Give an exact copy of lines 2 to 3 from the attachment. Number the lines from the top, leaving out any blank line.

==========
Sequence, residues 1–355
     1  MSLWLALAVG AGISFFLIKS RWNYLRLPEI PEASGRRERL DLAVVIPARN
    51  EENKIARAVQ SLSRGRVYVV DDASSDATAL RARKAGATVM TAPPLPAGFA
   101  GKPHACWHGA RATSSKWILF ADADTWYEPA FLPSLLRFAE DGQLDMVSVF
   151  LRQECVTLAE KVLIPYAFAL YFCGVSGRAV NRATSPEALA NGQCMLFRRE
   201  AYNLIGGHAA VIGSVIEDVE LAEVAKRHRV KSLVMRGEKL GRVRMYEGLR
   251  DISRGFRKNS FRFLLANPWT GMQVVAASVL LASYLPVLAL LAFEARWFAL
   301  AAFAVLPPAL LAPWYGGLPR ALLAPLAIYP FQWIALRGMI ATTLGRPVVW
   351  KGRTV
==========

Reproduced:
     1  MSLWLALAVG AGISFFLIKS RWNYLRLPEI PEASGRRERL DLAVVIPARN
    51  EENKIARAVQ SLSRGRVYVV DDASSDATAL RARKAGATVM TAPPLPAGFA